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In Vietnam, New Rice Growing Methods Aim to Reduce Methane

A large drone carrying fertilizer flies over Vo Van Van’s rice fields in Long An province in southern Vietnam’s Mekong Delta, Tuesday, Jan. 23, 2024. (AP Photo/Jae C. Hong)

Farmers in Vietnam are growing rice using a new method thought to reduce emissions of methane gas and labor costs.

The method is called alternate wetting and drying, or AWD. It uses about 30 percent less water than traditional ways of growing rice. It also uses small flying vehicles called drones to put nutrients in the soil.

Traditional rice farming methods flood fields with water. The water stops oxygen from entering the soil. Low amounts of oxygen permit more methane-producing bacteria to grow.

Scientists say methane can trap 80 times more heat in the atmosphere than carbon dioxide over a short period of time. Climate scientists say releasing methane into the atmosphere increases the warming of the earth. A 2023 United Nations report said rice farming makes up about eight percent of all human-made methane in the atmosphere.

Vietnam is the world’s third-largest rice exporter. Boats carry rice up and down the Mekong River, and the grain is an important food in Vietnam.

Workers scoop paddy rice into the mouth of a vacuum tube on a boat for processing at Hoang Minh Nhat, a rice export company in Can Tho, Vietnam, on Friday, Jan. 26, 2024. (AP Photo/Jae C. Hong)
Workers scoop paddy rice into the mouth of a vacuum tube on a boat for processing at Hoang Minh Nhat, a rice export company in Can Tho, Vietnam, on Friday, Jan. 26, 2024. (AP Photo/Jae C. Hong)

Vo Van Van is a 60-year-old rice farmer who lives along the Mekong River. For the past two years, he has been using the AWD method with support from one of Vietnam’s largest rice exporters, the Loc Troi Group.

Van said using the drone to add organic fertilizer saves on labor costs. He says it is becoming harder to find people to work on the rice farms because more people are moving to the cities. The drone also puts the exact amount of fertilizer needed. Too much fertilizer causes the soil to release nitrogen gas. Nitrogen also traps heat in the atmosphere.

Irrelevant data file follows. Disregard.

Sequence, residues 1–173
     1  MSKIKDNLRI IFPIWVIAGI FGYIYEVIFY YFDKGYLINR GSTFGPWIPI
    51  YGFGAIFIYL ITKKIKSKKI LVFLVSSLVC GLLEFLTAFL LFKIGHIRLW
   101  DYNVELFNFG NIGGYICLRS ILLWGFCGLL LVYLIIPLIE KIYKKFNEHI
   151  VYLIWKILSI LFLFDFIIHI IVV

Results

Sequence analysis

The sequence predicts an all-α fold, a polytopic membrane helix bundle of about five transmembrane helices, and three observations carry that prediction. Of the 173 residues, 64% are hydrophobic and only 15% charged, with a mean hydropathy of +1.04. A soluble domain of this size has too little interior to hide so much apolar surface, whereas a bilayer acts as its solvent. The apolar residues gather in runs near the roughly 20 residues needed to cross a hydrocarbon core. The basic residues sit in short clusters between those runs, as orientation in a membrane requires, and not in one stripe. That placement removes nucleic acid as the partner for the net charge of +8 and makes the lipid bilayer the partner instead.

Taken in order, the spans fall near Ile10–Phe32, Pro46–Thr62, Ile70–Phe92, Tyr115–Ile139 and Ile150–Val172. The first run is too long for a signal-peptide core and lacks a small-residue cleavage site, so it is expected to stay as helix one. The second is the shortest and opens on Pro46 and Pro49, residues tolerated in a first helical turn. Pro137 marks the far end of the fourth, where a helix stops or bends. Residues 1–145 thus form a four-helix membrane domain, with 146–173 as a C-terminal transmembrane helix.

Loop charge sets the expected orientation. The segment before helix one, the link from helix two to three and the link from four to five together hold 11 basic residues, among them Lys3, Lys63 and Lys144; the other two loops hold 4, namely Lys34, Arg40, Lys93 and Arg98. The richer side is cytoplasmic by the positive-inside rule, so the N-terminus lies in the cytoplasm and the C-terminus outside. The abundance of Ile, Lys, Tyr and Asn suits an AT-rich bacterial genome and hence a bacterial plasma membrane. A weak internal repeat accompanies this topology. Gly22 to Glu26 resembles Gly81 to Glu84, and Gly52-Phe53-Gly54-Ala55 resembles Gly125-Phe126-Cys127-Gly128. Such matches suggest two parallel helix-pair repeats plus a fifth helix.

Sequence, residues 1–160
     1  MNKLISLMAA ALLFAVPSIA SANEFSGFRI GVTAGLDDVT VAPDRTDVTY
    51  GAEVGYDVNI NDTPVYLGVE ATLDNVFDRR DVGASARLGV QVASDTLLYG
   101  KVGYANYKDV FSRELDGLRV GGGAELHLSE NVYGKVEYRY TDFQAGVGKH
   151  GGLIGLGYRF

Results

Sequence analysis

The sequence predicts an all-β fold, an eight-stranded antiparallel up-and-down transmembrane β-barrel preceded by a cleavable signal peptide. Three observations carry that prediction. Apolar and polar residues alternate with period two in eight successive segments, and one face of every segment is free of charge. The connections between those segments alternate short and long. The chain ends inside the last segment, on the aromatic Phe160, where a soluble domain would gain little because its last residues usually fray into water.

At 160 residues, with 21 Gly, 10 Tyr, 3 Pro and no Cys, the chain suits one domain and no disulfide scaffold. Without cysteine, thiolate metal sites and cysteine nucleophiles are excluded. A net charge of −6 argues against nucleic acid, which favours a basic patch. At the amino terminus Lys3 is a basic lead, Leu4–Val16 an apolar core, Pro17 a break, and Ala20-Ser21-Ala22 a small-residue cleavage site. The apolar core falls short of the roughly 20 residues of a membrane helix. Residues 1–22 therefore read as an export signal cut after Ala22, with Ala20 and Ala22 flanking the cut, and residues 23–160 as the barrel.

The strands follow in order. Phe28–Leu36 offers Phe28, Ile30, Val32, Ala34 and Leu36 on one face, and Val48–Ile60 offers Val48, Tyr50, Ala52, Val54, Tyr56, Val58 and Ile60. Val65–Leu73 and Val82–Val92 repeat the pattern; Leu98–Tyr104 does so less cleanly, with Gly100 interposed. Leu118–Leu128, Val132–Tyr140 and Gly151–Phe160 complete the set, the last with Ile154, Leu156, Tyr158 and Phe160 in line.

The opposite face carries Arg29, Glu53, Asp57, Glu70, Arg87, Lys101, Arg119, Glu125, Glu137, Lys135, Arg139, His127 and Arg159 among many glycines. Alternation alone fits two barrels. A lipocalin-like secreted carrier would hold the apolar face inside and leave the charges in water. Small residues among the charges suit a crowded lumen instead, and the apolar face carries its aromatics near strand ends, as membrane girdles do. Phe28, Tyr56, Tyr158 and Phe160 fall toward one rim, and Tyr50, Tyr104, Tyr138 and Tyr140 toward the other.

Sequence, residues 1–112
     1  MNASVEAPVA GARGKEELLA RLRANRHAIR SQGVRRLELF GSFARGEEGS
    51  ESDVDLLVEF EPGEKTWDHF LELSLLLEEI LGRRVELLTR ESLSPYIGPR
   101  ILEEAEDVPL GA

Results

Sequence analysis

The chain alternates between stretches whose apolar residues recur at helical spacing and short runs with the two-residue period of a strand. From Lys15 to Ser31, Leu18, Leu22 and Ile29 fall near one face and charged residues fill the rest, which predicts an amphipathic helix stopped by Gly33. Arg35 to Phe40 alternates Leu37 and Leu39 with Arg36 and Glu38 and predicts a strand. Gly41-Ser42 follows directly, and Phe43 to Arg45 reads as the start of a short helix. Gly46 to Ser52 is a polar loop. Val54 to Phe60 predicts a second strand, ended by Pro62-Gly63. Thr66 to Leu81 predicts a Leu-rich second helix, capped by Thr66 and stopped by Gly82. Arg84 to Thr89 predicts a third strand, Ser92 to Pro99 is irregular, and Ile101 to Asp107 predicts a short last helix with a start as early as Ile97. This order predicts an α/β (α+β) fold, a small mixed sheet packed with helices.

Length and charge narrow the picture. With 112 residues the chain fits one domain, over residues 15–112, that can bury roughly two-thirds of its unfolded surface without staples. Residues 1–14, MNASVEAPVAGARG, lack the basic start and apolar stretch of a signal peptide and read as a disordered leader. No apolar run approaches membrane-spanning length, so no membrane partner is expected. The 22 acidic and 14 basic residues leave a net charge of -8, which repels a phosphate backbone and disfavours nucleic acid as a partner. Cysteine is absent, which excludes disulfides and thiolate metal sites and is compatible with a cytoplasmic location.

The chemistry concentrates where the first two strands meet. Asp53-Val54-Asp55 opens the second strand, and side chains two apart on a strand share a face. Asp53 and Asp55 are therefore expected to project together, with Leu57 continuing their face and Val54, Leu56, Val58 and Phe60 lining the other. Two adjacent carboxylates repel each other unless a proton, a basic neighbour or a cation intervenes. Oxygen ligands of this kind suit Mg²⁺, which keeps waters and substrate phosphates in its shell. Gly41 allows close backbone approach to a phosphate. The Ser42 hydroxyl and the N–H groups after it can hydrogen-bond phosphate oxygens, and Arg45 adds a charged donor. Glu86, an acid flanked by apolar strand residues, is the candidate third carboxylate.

After the harvest, Van does not burn the remains of the rice plants. Instead, the Loc Troi Group collects the extra plant material. It then sells it to other companies. These companies can use the remains to feed livestock and grow mushrooms.

Van said the AWD method helps him in several ways. It lowers his costs while the amount of rice he produces is the same. Using organic fertilizer helps him sell for a higher price in European markets. He also has more time to take care of his own garden. “I am growing jackfruit and coconut,” he said.

Nguyen Duy Thuan is the chief of the Loc Troi Group. He said the AWD method uses 40 percent less seed and 30 percent less water. The Loc Troi Group said the method is used on 100 hectares of rice farms. Thuan said the company wants to expand AWD farming to 300,000 hectares.

The Vietnamese government aims to grow low-emissions rice on 1 million hectares by 2030. Vietnamese state media reported that officials said the method could reduce production costs by about 20 percent and increase profits by more than $600 million.

Effects of a changing environment

In recent years, the Mekong River’s water quality has changed. Dams in China and Laos have reduced water flow. Building projects cause problems because they use a lot of water and sand from the river. And rising sea levels have increased the amount of salt in the river’s large delta.

A farmer sprays fertilizer onto the rice fields in Long An province in southern Vietnam's Mekong Delta, Tuesday, Jan. 23, 2024. (AP Photo/Jae C. Hong)
A farmer sprays fertilizer onto the rice fields in Long An province in southern Vietnam’s Mekong Delta, Tuesday, Jan. 23, 2024. (AP Photo/Jae C. Hong)

A recent study by Vietnam’s Water Resources Institute estimates rice farmers lost millions of dollars every year because of salty water.

Lewis H. Ziska is a professor of environmental health sciences at Columbia University in New York City. He said that using different methods of farming can improve water use. Growing more kinds of rice would also help. Some kinds can better resist hot weather or need less water, Ziska said.

Some rice farmers in Vietnam are already growing different kinds of rice. Nguyen Van Nhat is director of a rice export company. He said growers are using rice that can grow in salty water and in hot weather.

Two employees work in a warehouse packed with bags of rice packaged for shipment at Hoang Minh Nhat, a rice export company in Can Tho, Vietnam, Friday, Jan. 26, 2024. (AP Photo/Jae C. Hong)
Two employees work in a warehouse packed with bags of rice packaged for shipment at Hoang Minh Nhat, a rice export company in Can Tho, Vietnam, Friday, Jan. 26, 2024. (AP Photo/Jae C. Hong)

He also said the export company is using different methods to dry the rice because of changes in the weather. He said unseasonal rains are making it harder to dry the rice in the sun. As a result, the company has built places to dry it in their factory. The company will also put machines to dry the grain closer to the rice fields.

“We don’t know which month is the rainy season, like we did before,” Nhat said.

I’m Andrew Smith. And I’m Jill Robbins.

Aniruddha Ghosal reported this story for the Associated Press. Andrew Smith adapted it for VOA Learning English.

https://learningenglish.voanews.com/a/in-vietnam-new-rice-growing-methods-aim-to-reduce-methane/7583771.html QR Code

Published Date: April 28, 2024

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